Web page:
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Review: Nobody Loves You and You Don’t Deserve To Exist

The debut micro-budget feature film by Manchester-based writer-director Brett Gregory looks at a man’s life at three different times in his life, tying his early experience to a psychological breakdown in middle age.

By now pop culture has gone one of two ways since the start of the COVID-19 pandemic. Ignore it completely or try and weave it into the thread of the story. This film does the latter, although Nobody Loves You and You Don’t Deserve To Exist was several years in the making – so if that particular C word puts you off, then this isn’t a pandemic polemic.

Defining what it is, well that’s a little more complicated. It’s social hyperrealism, an experimental drama exploring the intersection of class, masculinity, mental health, isolation, addiction and existentialism.

The narrative is framed by a female narrator delivering Jack’s story and it’s interspersed with flashbacks and talking heads from people in Jack’s life. The stylistic shifts and the docu-drama treatment doesn’t always work, and while the supporting cast are good, there are moments where I just wanted to hear from the man himself.  There is a standout performance by 13-year old Reuben Clarke as a young Jack, whose country roadside monologue to camera could be a short in itself.

The middle monologue showing Jack in 1992 felt a touch theatrical and overly long. Performed by a twitchy James Ward, it’s like an e – soaked Talking Heads episode – 90s Jack is angry and disillusioned with university life, he also sounds off on racist and sexist asides.

The older version of Jack is played by David Howell, who delivers an intense physical and emotional performance, managing to be both vulnerable and volatile as a grieving, former teacher with mental health issues.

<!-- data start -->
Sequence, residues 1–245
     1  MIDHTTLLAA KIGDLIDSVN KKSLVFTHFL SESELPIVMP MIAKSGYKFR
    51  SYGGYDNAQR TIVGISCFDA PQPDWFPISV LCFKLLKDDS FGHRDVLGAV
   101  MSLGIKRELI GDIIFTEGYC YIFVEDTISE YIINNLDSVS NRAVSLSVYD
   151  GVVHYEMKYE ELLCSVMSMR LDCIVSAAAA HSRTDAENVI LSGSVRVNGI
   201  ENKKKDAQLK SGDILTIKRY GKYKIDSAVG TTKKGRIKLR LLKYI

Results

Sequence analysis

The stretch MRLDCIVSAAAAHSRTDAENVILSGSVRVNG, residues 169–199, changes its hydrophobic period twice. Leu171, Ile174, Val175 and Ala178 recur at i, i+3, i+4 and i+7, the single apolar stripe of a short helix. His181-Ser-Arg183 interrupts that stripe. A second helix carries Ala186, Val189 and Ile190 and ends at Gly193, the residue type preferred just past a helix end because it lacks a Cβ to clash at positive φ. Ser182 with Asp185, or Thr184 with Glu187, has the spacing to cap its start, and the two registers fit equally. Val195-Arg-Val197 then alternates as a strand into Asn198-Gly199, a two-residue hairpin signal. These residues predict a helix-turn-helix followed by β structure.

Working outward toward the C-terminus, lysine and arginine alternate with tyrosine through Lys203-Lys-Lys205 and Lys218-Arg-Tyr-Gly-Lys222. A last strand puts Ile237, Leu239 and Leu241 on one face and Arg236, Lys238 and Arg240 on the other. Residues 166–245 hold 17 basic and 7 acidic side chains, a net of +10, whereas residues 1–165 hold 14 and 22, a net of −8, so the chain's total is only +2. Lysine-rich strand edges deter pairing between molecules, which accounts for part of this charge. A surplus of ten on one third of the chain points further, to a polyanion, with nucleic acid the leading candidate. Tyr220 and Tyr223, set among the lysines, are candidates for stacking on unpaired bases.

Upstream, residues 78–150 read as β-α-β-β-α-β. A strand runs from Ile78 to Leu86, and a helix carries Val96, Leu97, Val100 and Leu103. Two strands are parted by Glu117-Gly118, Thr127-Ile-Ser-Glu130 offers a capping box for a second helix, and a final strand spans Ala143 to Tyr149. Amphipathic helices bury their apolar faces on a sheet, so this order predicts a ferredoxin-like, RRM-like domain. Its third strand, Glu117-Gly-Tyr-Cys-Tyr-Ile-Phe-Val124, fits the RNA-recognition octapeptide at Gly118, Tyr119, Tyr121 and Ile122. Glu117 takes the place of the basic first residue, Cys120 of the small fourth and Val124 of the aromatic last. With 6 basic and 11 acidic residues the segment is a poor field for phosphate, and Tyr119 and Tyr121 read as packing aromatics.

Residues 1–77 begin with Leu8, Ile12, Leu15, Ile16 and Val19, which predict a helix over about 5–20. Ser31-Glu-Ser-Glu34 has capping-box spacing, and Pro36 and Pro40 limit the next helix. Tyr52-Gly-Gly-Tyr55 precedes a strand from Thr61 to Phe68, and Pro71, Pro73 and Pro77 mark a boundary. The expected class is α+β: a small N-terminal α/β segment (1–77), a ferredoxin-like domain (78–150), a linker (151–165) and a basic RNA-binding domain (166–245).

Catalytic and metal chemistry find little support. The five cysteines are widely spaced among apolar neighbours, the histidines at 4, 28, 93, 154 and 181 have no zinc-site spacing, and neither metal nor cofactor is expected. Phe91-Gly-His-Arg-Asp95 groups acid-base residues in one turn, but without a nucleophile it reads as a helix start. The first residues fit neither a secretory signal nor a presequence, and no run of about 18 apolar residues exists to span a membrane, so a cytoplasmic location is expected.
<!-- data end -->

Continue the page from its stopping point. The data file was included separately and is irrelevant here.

Visually, there are elements of Ben Wheatley or a northern Shane Meadows (Gregory was raised in the Midlands, but this is very much a Manchester film). At times it feels like a modern take on John Bunyan’s The Pilgrim’s Progress, the story is filled with Christian iconography and bible passages.

But it’s not just the spectre of a crisis of faith that connects this film to the 17th allegory. Like Bunyan’s Christian, Jack’s path is filled with obstacles and treacherous places that knock him off course. The filmmaker himself mentions an earlier writer of morality tales, Chaucer on the film’s website.

It’s filled with potent imagery and symbolism, the strongest of which is the repeated prints of The Garden of Earthly Delights by Hieronymus Bosch, which are cleverly woven into scenes throughout. There are other repeated motifs and stark visuals from around the city and surrounding countryside that touch on paganism as well comic books and urban landscapes. But the title’s impact is felt most acutely when different versions of Jack recall moments of childhood cruelty at school and home. And it bears repeating, anger doesn’t usually come from nowhere.

The film doesn’t pull its punches in its themes or politics, but there is humour running through the film too – the strange ramblings of Jack’s posh, estranged Grandma offer a moment of levity during a dark of the soul as he reckons with grief and unemployment. Nobody Loves You And You Don’t Deserve To Exist is an experimental, modern, Mancunian fable.

Find out more about the film at

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